Talk:Separation of powers under the United States Constitution

From Wikipedia, the free encyclopedia
Jump to: navigation, search
Former featured article Separation of powers under the United States Constitution is a former featured article. Please see the links under Article milestones below for its original nomination page (for older articles, check the nomination archive) and why it was removed.
Main Page trophy This article appeared on Wikipedia's Main Page as Today's featured article on July 9, 2004.
Article milestones
Date Process Result
June 25, 2004 Featured article candidate Promoted
October 31, 2007 Featured article review Demoted
Current status: Former featured article


Version 0.5
WikiProject icon This article has been selected for Version 0.5 and subsequent release versions of Wikipedia.

26 Jun 2004[edit]

I was under the impression that FDR's presidency marked a major shift in the balance of power between the president and Congress. Before FDR, was it common for a president to push legislation? Certainly it has been common since then (The Fair Deal, the War on Poverty, No Child Left Behind, etc) but I thought FDR was the first to do this. Isomorphic 02:13, 26 Jun 2004 (UTC)

9 Jul 2004[edit]

In its prototype of the United States Constitution, the phrase separation of powers never appears, but is clearly dictated by the structure of the Constitution, with checks and other powers delegated specifically and exclusively to each.

What is this bulls**t? the Supreme Court is appointed directly by the president, already a big cross through the trias politica, also the president is both supreme commander of the military (executive) and the main legislative body so at least in the top there is no seperation between the trias politica whatsoever. But not a mere hint of that is to be found in this article.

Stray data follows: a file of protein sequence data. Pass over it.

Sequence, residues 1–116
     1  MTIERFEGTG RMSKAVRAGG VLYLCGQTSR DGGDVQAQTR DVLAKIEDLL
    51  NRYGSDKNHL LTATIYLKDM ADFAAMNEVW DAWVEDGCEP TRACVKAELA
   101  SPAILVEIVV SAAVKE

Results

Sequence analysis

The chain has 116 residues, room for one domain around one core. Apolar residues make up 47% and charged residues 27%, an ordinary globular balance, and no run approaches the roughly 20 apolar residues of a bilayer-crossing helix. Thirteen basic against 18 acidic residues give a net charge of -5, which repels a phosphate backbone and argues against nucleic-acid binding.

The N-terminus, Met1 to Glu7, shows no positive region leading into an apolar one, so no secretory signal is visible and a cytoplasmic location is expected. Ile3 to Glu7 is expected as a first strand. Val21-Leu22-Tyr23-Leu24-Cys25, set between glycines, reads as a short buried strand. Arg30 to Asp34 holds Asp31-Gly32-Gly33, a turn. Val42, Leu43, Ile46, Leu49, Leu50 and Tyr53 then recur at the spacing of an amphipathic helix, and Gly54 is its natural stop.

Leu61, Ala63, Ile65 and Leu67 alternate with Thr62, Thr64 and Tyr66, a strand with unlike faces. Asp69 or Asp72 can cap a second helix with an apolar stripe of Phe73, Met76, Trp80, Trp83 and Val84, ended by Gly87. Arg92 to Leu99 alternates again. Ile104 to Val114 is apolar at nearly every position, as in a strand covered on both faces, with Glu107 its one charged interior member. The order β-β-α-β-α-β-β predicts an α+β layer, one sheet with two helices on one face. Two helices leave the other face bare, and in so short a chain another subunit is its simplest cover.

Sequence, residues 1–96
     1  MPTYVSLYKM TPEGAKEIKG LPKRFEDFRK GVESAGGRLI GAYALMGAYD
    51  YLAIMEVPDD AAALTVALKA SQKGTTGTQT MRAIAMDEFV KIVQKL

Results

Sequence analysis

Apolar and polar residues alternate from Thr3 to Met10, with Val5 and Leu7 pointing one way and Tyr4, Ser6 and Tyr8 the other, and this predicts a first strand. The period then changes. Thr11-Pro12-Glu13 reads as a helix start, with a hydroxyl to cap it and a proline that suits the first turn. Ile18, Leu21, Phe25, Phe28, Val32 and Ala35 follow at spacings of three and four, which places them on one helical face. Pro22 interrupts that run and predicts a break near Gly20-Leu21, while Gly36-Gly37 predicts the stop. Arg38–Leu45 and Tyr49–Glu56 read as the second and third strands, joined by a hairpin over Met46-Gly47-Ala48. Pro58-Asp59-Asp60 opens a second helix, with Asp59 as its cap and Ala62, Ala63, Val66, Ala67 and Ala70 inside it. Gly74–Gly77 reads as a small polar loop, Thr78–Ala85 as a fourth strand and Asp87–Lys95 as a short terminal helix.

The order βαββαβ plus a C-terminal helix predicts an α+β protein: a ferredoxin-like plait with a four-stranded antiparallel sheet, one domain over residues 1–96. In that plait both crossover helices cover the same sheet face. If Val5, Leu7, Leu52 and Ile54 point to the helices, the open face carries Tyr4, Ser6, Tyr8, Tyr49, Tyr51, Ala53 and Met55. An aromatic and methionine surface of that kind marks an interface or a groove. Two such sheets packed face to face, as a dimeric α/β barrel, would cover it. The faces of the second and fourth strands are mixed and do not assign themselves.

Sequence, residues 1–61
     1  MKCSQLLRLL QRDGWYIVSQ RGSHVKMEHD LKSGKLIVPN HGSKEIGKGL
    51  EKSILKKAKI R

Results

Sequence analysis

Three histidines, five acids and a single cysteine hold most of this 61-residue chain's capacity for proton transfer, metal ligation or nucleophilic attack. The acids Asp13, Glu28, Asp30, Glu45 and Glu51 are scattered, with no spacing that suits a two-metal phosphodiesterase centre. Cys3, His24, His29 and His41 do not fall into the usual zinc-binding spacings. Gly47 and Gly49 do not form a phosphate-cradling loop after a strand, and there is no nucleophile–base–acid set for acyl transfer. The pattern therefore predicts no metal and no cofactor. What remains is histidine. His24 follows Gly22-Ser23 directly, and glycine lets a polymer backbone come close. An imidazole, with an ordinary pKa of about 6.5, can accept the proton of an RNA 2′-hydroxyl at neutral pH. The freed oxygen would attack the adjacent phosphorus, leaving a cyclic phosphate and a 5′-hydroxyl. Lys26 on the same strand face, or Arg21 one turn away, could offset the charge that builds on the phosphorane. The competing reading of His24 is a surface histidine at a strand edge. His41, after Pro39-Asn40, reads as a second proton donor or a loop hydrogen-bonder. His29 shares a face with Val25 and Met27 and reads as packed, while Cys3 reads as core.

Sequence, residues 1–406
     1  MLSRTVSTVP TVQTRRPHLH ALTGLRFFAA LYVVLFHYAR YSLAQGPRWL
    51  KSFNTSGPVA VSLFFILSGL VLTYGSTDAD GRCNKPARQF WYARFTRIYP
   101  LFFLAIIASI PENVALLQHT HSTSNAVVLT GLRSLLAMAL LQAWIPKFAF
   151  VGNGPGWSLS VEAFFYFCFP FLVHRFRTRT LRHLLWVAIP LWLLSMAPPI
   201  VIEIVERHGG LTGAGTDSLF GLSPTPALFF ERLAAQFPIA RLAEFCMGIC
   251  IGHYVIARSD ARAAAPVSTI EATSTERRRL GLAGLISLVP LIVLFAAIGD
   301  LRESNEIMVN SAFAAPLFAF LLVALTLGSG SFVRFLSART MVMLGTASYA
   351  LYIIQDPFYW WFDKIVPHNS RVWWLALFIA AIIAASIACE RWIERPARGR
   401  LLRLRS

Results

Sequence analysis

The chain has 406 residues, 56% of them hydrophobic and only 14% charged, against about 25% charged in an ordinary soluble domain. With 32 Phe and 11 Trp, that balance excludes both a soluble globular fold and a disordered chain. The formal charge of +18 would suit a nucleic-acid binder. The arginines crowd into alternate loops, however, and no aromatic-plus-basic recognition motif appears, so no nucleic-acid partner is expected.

how did this ever made it to a featured article?

normally i should have replaced the whole article with a stub so people could write a proper one, but since it's a featured article i won't but i strongly suggest an entire rewrite of the article, so it doesn't exist only of patriotical bull --62.251.90.73 15:32, 9 Jul 2004 (UTC)


The suggestion that I, who created this article, am biased in favour of the United States is clearly laughable, noting especially that I am no citizen of, and am not "patriotical" [sic] in regard to, the same. Clearly the above commentator has disregarded the section "Checks and balances," which notes that separation of powers is not absolute. Nor has he or she failed to neglect that criticism of the system has been pointed out. Furthermore, the commentator is clearly mistaken in implying that the President is "the main legislative body." It is entirely absurd to suggest that there is "no separation ... whatsoever." -- Emsworth 17:33, Jul 9, 2004 (UTC)
Well i see that dispite the absurdness of my comment still made some changes in the header, and I think it's a whole lot better now :)
Nor has he or she failed to neglect that criticism of the system has been pointed out. Well there is criticism pointed out in the 'views on' section, but that was criticism on the efficiency and not on the amount of seperation and although it is mentioned that Separation of powers is not absolute it is not critized, or criticism or the theoretical dangers of that mentioned.
Yeah saying that there is "no seperation whatsoever" is a bit absurd indeed, but on the top there ain't much, and what happens on the top more or less, at least theoretically, works it's way down.
Sorry if i ranted a bit, i like that, just filter out what you think is usefull :P --62.251.90.73 12:23, 11 Jul 2004 (UTC)